Dams are a major issue in conservation. While they provide electric power and a certain level of water security, they can also be the cause of massive levels of environmental degradation, including flooding important habitat and disrupting the riparian life such as fish spawning. The pros and cons cause much debate, and there is no better time for that discussion than now, with COP 17 underway in Durban, South Africa.
The long term effects of dams can be difficult to visualize, especially when the future includes a changing climate. As weather makes less predictable shifts, glaciers melt and droughts dry up rivers, how will dams be affected? Will they be worth the problems they cause? Can we design them better? Thanks to technology from Google Earth, we can have a better understanding.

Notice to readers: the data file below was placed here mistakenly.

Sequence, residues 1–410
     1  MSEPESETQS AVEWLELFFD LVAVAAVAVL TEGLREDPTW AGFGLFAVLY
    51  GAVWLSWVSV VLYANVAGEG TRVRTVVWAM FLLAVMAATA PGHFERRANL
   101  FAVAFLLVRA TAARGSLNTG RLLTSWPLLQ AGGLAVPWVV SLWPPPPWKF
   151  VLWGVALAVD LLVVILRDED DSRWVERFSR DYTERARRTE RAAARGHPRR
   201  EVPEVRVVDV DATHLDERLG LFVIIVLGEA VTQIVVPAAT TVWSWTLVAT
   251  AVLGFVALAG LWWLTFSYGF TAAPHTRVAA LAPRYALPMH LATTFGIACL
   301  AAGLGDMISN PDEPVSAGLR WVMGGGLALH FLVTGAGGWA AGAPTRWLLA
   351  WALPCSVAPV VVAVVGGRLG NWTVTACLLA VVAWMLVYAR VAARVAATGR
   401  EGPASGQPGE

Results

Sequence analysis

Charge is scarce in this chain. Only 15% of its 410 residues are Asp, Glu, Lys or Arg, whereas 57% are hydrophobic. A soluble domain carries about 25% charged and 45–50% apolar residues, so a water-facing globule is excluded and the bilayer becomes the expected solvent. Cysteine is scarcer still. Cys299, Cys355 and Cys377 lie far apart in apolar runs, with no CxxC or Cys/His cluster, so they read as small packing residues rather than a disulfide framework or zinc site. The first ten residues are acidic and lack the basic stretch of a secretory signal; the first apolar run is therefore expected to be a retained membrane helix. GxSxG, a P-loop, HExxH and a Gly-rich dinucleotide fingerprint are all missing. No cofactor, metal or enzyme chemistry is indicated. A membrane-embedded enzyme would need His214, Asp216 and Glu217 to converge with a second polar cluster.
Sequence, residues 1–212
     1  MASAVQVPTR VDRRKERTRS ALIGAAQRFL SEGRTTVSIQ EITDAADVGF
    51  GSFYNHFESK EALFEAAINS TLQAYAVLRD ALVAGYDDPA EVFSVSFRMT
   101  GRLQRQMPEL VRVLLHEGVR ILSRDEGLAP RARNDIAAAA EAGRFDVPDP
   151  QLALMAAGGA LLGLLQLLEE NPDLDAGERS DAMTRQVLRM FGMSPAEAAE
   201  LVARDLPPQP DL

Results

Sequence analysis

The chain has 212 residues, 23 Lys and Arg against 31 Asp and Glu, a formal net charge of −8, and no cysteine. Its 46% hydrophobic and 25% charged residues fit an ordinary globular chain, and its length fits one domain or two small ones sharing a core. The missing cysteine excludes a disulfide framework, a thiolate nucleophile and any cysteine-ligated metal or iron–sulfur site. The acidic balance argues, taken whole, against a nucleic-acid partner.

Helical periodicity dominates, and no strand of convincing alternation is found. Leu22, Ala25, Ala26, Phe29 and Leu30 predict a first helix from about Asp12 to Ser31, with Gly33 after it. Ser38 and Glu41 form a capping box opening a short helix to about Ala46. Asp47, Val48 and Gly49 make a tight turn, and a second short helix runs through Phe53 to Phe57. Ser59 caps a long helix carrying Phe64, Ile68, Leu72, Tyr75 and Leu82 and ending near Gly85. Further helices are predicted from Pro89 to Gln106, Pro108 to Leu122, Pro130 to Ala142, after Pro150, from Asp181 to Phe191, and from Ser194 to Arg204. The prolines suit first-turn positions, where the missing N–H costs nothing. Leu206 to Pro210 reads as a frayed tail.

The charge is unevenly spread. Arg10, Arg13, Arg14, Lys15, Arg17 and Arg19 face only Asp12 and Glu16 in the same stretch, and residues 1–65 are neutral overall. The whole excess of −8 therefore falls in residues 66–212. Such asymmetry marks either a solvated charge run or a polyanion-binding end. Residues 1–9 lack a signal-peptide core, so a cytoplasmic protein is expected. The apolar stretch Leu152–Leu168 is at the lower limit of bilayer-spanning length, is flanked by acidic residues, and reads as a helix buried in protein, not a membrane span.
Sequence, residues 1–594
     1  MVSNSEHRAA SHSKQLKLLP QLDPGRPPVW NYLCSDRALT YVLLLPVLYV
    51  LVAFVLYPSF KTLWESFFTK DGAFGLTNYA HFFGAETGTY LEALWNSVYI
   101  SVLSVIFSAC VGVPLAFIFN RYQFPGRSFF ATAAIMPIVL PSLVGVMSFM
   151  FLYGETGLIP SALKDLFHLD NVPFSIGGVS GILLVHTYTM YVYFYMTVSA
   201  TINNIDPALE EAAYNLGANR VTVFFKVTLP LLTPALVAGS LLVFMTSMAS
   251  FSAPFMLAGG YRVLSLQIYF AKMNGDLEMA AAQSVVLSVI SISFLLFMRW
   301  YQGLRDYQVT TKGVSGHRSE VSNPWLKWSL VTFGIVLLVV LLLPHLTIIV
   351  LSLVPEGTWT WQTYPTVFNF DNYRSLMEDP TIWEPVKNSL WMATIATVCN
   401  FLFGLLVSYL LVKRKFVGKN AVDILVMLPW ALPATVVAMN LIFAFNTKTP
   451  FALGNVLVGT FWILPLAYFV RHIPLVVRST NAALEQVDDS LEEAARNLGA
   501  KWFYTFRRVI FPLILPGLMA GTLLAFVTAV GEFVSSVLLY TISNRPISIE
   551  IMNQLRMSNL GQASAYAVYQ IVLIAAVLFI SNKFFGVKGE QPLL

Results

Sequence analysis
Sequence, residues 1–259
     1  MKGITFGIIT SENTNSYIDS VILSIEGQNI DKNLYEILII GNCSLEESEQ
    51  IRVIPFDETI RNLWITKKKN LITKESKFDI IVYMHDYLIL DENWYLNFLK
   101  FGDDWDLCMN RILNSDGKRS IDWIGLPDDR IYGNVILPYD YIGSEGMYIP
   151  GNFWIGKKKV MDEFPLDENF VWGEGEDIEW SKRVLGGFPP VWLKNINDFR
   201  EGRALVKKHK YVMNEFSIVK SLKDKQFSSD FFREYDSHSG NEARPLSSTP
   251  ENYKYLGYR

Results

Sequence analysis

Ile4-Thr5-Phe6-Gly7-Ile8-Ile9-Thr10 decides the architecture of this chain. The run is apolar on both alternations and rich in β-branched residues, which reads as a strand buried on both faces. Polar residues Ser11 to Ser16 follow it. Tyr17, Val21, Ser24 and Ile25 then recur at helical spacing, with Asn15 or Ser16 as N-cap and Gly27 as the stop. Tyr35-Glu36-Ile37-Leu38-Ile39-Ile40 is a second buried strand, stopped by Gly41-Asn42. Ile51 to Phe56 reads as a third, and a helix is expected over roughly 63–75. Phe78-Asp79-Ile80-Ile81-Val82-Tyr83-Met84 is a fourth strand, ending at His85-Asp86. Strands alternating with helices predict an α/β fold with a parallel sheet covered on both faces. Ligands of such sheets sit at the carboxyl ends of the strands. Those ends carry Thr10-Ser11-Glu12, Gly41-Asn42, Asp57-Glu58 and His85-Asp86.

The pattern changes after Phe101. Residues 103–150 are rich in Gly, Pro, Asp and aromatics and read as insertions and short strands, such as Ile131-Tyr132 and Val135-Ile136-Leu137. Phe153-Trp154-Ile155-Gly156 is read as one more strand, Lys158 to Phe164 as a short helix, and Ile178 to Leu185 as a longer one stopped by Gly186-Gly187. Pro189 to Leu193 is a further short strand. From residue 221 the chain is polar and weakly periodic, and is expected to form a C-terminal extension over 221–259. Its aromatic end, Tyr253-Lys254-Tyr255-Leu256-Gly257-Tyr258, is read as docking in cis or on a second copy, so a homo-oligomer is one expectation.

Zachary Hurwitz from International Rivers writes on Google's Lat-Long blog, "This new Google Earth tour takes viewers on a trip to the world's dam-building hotspots to visualize the effect that large dams have on the climate, river ecosystems, and the communities that depend on them. You can learn about topics such as reservoir emissions, dam safety, and adaptation while visiting real case studies in Africa, the Himalayas and the Amazon. The tour also includes animations, which show how over time melting glaciers in the Himalayas – an effect of climate change – may lead to higher flood and safety risks for communities living downstream of dams. You’ll also plunge under water in one of Brazil's dirtiest reservoirs, the Tucuruí Dam, to see in 3D how rotting organic material creates methane gas, which bubbles up from dam reservoirs to emit greenhouse gases in the tropics."